Law prioritizing murder cases in court worrisome for prosecutors, DA's Office says

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Thursday, August 31, 2023
Murder, capital murder cases prioritized in law worry to prosecutors
A new law takes effect on Friday, which requires murder and capital murder cases to be prioritized. But prosecutors worry it will be tough to abide.

HARRIS COUNTY, Texas (KTRK) -- The new law going into effect in Texas on Friday that prioritizes certain cases in court will be challenging for the Harris County District Attorney's Office to abide by because of a backlog at the city's crime lab.

Harris County District Attorney Kim Ogg is a strong proponent of SB 204, which prioritizes murder and capital murder cases in court. It was authored by several local senators and received overwhelming support in the legislature.

"I think they get that," Ogg said during a news conference on Wednesday. "The public wants murderers off the street or tried either to guilt or innocence. They want that done first."

Leticia Ybarra spoke at the news conference as well. It was the third anniversary of her daughter, Jessica Perez's, murder.

While her daughter's killer, Andrew Montana Webster, pleaded guilty in July 2023 to her murder and was sentenced to 40 years in prison, she spoke to the agony of waiting for a conclusion in the case.

"Each day is another day that I don't know what's going to happen," Ybarra said. "Is he going to be set free?"

Of the more than 34,000 cases pending in Harris County criminal courts currently, 1,816 of them are capital murder or murder cases, according to the DA's office.

"Does that de-prioritize crimes? Yes, by its definition, but we are doing what the public thinks is the most important and what police and prosecutors will tell you is best for public safety," Ogg said about the new law.

Joe Vinas, president-elect of the Harris County Criminal Lawyers' Association, believes the new law will be counterproductive in clearing the backlog. He said his clients who are not charged with murder will end up sitting in jail longer, waiting for their cases to be resolved while newer cases are moved to the front of the line.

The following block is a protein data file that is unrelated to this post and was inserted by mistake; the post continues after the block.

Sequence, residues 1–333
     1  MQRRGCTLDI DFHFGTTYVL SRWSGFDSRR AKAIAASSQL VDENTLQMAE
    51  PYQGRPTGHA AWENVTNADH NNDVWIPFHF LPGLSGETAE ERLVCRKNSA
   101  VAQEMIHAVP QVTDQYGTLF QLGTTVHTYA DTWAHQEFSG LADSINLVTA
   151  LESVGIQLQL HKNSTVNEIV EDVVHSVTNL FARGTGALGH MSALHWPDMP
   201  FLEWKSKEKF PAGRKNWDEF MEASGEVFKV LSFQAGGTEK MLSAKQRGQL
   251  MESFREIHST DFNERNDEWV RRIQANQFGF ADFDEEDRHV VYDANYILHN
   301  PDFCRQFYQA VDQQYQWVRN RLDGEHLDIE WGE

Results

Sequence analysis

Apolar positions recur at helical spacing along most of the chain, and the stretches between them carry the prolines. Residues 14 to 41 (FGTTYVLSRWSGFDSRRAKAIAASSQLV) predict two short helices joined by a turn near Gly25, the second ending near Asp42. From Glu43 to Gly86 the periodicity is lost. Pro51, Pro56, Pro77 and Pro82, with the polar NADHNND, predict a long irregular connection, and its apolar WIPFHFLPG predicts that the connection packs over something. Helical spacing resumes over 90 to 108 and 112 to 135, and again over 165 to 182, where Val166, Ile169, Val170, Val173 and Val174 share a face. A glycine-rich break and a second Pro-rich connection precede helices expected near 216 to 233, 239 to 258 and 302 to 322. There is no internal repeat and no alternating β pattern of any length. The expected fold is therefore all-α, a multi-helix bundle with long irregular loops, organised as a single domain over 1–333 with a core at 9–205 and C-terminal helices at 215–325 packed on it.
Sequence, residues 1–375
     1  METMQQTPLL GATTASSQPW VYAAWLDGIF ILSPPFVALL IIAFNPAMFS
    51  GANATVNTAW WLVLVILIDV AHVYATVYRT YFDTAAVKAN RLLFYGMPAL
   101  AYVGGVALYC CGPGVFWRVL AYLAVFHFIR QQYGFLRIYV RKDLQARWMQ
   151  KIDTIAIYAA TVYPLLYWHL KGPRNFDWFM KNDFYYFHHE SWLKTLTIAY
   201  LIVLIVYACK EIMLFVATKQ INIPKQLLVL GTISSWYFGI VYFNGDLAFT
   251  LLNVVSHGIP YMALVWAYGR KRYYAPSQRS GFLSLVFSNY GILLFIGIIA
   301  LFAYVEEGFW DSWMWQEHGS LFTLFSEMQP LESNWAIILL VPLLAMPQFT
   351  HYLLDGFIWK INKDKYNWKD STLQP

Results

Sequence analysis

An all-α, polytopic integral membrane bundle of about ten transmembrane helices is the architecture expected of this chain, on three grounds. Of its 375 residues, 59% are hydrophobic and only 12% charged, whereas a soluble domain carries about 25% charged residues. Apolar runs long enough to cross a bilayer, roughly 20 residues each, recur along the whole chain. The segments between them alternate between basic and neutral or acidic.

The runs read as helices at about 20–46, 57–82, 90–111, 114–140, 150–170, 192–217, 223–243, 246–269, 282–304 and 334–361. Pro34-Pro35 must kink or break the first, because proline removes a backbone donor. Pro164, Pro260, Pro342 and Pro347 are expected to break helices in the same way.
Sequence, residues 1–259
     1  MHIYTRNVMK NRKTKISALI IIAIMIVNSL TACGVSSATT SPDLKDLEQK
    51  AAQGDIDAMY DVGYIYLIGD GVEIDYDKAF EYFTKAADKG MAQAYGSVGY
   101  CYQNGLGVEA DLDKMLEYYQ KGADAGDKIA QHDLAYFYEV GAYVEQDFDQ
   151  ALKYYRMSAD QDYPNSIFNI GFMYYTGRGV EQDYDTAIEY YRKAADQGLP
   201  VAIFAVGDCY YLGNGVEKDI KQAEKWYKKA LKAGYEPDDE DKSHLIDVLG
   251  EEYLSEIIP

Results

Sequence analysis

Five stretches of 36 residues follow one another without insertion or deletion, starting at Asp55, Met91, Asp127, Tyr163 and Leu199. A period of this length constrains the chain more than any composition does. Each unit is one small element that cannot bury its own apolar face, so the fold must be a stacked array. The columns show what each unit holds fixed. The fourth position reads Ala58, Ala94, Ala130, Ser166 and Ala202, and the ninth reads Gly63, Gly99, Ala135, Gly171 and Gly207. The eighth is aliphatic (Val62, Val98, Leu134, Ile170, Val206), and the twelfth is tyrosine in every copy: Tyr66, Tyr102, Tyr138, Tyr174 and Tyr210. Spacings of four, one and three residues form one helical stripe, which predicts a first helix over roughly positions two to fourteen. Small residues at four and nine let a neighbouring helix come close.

He said murder or capital murder cases take weeks in trial versus lesser offenses, which can be resolved in days.

"If you want to clear a backlog, then those lesser offenses are the ones," Vinas said. "Aggravated robbery case only takes two, maybe three days to try, so you could knock out five aggravated robbery cases in the time it will take you to try one murder case."

As of last week, there were 913 murder or capital murder suspects in Harris County's Jail. They make up roughly 10% of the jail population.

Ogg said while the new law can help alleviate overcrowding in the jail, there is a major problem with executing it.

She stood alongside Sarah Seely, the homicide division chief in her office, and Houston Police Officers' Union President Doug Griffith on Wednesday to address the backlog at the city-funded Houston Forensic Science Center.

The lab that analyzes evidence collected by Houston police posted to their website that it takes 330 days to have a firearm analyzed, 326 days for mobile devices, and 231 for DNA evidence.

Officials at the news conference argued that wait times are actually longer.

Seely said the wait times have tied their hands in bringing cases to trial quickly.

"There are excellent judges in Harris County who will try our cases, and they will follow this legislation," Seely said. "Our fear is they are going to demand that we go to trial when we don't have our scientific evidence."

ABC13 reached out to the Houston Forensic Science Center with concerns brought up by law enforcement. In response, the agency provided the following response:

"The Houston Forensic Science Center is aware of the passage of S.B. 402. President & CEO Dr. Peter Stout was involved in the legislative session, identifying the potential impacts on forensic labs around the state and the difficulties of balancing conflicting legislated priorities of sexual assaults and homicides. HFSC continues to provide a clear and transparent picture of the organization's turnaround times and backlogs so the various criminal justice partners are properly informed. HFSC also continues to work with the Harris County District Attorney's Office to prioritize cases when the organization is made aware of court dates. The entire system is challenged and demands proactive planning and cooperation by all the agencies."

Griffith reiterated his calls for the president and CEO of the lab, Dr. Peter Stout, to resign during the news conference.

The DA's office asked for a seat on the lab's board as well as the ability to outsource evidence analysis.

The City of Houston said Wednesday evening that they have provided the Houston Forensic Science Center with the $4.95 million it asked for that will go towards overtime for the Crime Scene Unit and Firearms, trainings, outsourcing certain analysis, temporary labor, and software.